Isosteric heat of hydrogen adsorption on MOFs: comparison between adsorption calorimetry, sorption isosteric method, and analytical models
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Isosteric heat of adsorption is an important parameter required to describe the thermal performance of adsorptive storage systems. It is most frequently calculated from adsorption isotherms measured over wide ranges of pressure and temperature, using the so-called adsorption isosteric method. Direct quantitative estimation of isosteric heats on the other hand is possible using the coupled calorimetric–volumetric method, which involves simultaneous measurement of heat and adsorption. In this work, we compare the isosteric heats of hydrogen adsorption on microporous materials measured by both methods. Furthermore, the experimental data are compared with the isosteric heats obtained using the modified Dubinin–Astakhov, Tóth, and Unilan adsorption analytical models to establish the reliability and limitations of simpler methods and assumptions. To this end, we measure the hydrogen isosteric heats on five prototypical metal–organic frameworks: MOF-5, Cu-BTC, Fe-BTC, MIL-53, and MOF-177 using both experimental methods. For all MOFs, we find a very good agreement between the isosteric heats measured using the calorimetric and isosteric methods throughout the range of loading studied. Models’ prediction on the other hand deviates from both experiments depending on the MOF studied and the range of loading. Under low-loadings of less than 5 mol kg−1, the isosteric heat of hydrogen adsorption decreases in the order Cu-BTC > MIL-53 > MOF-5 > Fe-BTC > MOF-177. The order of isosteric heats is coherent with the strength of hydrogen interaction revealed from previous thermal desorption spectroscopy measurements.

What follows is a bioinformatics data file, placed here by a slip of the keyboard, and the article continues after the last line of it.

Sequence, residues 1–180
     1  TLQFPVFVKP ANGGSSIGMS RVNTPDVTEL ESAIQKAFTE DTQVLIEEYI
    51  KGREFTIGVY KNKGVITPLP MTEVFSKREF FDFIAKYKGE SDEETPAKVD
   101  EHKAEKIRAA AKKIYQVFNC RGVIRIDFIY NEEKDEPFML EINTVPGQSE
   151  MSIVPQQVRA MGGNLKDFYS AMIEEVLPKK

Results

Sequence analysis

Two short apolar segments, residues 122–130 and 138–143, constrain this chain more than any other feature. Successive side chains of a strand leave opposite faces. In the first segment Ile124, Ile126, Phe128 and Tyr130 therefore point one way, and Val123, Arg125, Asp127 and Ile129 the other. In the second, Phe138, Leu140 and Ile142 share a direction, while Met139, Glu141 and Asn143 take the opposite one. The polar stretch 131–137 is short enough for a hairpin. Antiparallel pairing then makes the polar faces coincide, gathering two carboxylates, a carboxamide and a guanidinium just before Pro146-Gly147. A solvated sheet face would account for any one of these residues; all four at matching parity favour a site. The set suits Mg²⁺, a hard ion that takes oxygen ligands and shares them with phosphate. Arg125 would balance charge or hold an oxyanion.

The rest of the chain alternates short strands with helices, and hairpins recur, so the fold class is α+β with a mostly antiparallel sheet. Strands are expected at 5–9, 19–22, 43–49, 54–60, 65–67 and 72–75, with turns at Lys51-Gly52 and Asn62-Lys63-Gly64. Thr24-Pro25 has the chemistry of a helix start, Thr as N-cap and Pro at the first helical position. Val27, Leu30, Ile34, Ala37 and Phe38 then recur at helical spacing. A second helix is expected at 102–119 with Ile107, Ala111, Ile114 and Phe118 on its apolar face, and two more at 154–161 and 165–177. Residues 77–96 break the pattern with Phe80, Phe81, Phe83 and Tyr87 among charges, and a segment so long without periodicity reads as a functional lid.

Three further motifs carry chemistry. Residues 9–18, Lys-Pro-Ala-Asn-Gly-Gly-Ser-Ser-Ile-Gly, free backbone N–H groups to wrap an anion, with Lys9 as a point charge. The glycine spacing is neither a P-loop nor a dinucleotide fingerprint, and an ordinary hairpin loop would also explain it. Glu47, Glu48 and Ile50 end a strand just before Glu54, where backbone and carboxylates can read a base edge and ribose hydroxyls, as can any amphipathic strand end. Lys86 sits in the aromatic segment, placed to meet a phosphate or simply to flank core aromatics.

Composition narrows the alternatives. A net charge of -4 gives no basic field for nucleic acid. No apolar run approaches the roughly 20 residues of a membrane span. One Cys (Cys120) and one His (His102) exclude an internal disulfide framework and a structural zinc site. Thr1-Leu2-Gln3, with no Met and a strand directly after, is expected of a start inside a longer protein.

KeywordsHydrogen Adsorption Isosteric Heat Thermal Desorption Spectroscopy Excess Adsorption Explicit Analytical Expression
The Canadian contribution is based on research financially supported by NSERC and Air Liquide. The German contribution was partially funded by the German Research Foundation (SPP 1362), the European Commission DG Research (SES6-2006-518271/NESSHY) and the European Hy-Co program, financed by the German Federal Ministry of Economics and Technology (BMWi).
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